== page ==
When crash tested by Euro NCAP back in 2009, the Polo scored the maximum five stars. It’s worth noting that every year the safety criteria gets more stringent so take those five stars with a pinch of salt – newer cars are probably safer.
During that time, however, VW has added lots of safety features to the standard equipment of the Polo making it much safer than the 2009 car. Among them is Hill Hold Assist, which stops the car rolling back during a hill start and an Automatic Post-Collision braking system that stops the car rolling across the road after a collision.
VW has certainly loaded the Polo with kit. All Polos get a USB port, DAB radio, a height-adjustable driver seat, and – from S A/C trim and above – air-conditioning. Like most Volkswagens, there’s a good choice of optional extras you can add to your car. Our VW Polo options guide explains which are worth the cost and which aren’t.
Volkswagen Polo Match
Sitting above the basic S model, the Polo Match gets cruise control to take the strain out of long motorway journeys, front and rear parking sensors as well as fog lights with a cornering function to light up potential hazards in bends. Rear tinted windows offer a bit of privacy and the 15-inch alloy wheels add a bit of style. Extra tech is also added in the form of the larger infotainment systems with the 6.5-inch screen. Few would argue that you need more equipment in a small hatchback.
Volkswagen Polo BlueMotion
The BlueMotion trim has one objective: providing you with the most fuel efficient version of the Polo. It does that by adding an aerodynamic bodykit, fuel-saving tyres, battery regeneration via the brakes and a Think Blue Trainer – a function of the infotainment system which provides economical driving tips and can analyse your journey. In terms of kit, the BlueMotion gets everything from the S model and adds extras such as a multifunction computer and a Start/Stop function.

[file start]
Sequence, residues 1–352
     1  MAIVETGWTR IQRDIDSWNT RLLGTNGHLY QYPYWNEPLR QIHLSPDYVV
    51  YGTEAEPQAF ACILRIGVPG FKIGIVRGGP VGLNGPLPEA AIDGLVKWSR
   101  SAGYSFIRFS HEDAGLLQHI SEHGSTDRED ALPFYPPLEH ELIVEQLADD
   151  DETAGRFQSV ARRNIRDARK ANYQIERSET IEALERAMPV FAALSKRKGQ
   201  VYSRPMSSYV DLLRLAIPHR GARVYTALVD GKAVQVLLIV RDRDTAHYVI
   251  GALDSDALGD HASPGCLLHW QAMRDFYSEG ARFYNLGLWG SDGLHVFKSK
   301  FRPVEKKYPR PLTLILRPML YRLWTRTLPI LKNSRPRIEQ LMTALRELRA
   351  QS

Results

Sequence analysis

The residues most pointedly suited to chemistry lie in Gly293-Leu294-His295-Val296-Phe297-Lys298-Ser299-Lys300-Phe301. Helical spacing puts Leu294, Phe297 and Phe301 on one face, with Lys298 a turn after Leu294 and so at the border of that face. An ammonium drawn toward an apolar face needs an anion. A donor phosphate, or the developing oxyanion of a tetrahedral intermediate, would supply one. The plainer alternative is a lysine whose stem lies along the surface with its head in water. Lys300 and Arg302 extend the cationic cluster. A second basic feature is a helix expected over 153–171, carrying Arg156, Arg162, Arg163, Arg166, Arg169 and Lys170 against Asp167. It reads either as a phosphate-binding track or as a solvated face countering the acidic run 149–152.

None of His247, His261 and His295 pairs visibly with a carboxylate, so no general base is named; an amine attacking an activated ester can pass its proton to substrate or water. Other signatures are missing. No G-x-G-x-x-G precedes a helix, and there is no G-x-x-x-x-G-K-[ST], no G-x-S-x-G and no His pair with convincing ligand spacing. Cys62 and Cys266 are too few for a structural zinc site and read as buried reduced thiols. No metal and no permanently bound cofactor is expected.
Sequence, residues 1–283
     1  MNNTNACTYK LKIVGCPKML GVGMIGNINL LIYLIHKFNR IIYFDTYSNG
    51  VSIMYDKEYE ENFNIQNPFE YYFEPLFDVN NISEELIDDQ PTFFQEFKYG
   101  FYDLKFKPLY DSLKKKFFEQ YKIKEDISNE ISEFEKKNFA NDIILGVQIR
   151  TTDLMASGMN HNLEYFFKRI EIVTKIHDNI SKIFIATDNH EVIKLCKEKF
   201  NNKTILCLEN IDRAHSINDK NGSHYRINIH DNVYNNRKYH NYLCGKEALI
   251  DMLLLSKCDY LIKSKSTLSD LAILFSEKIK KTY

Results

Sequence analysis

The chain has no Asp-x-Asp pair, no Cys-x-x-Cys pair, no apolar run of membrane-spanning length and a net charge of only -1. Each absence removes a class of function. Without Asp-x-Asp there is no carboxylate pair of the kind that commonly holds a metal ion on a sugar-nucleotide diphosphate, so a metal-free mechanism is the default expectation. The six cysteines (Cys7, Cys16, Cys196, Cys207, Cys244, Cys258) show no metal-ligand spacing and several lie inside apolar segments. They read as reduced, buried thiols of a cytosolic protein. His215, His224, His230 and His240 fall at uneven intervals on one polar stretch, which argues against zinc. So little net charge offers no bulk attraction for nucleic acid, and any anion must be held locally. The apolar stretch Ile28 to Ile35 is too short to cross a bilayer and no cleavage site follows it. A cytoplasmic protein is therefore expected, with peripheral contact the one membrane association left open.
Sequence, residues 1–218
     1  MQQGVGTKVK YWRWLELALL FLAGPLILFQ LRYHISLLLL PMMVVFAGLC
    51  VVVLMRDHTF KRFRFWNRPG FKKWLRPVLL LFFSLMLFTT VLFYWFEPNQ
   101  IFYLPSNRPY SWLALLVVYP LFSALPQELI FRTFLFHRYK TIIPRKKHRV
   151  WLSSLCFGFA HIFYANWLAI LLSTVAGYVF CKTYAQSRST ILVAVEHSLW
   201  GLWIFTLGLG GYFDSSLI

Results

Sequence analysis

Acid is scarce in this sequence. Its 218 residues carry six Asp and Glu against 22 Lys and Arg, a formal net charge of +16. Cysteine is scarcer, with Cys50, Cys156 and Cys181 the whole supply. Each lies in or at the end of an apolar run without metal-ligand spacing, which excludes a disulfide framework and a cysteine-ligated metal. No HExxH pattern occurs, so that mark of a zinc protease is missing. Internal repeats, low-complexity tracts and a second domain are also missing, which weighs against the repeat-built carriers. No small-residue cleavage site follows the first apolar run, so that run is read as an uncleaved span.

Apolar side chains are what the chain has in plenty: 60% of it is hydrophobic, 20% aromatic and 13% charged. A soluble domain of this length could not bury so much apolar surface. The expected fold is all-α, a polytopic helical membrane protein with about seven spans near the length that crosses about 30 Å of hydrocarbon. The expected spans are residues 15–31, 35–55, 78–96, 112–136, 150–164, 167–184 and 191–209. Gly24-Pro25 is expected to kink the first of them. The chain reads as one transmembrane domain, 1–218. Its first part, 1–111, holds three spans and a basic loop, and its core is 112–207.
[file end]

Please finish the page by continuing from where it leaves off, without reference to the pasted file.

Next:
Volkswagen Polo R-Line
The Polo R-Line gets sporty looks without the running costs of the GTI. You get a more aggressive body kit, bigger alloy wheels, a chrome exhaust pipe and tinted rear windows. Inside, the R-Line has a flat-bottomed steering wheel and more supportive seats with the R-Line logo embossed on the backrests.
Volkswagen Polo SEL
The SEL can be considered the luxury trim and adds things like LED headlights, a leather-wrapped multifunction steering wheel, a front centre armrest, 16-inch alloy wheels and all round parking sensors.
Volkswagen Polo BlueGT
Only available with the state-of-the-art 1.4-litre petrol, the BlueGT looks like a toned-down Golf GTi. For style, you get a chrome exhaust, 17-inch alloy wheels and a different bodykit. In terms of safety, it has an electronically controlled front differential for extra grip out of corners, side airbags and a driver alert system, which senses fatigue and tells you when you need to take a break.
Volkswagen Polo Beats Edition
The Polo is generally bought by young people and VW knows what they want the most – a banging stereo for their tunes. For that reason, the latest special edition of the Polo comes with a seven-speaker, 300W sound system supplied by Beats Audio. To mark it out on the outside, the Polo Beats Edition gets silver mirror caps, 16-inch alloy wheels and decals in the signature red and grey Beats colours.
Volkswagen offers a three-year/60,000 mile warranty for the Polo. That’s pretty standard for the class, though the Kia Rio offers a class-leading seven-year/100,000-mile warranty.
The VW Polo might not be the most engaging car to drive in its class, or the most practical, but its combination of talents wins over many. Quality is first rate, while the engine range is wide and it also rides like a car from the class above.
Get the Ford Fiesta for its driving thrills, the Seat Ibiza for its stylish looks or the Honda Jazz for its big boot, but as an objective choice the Polo is hard to beat.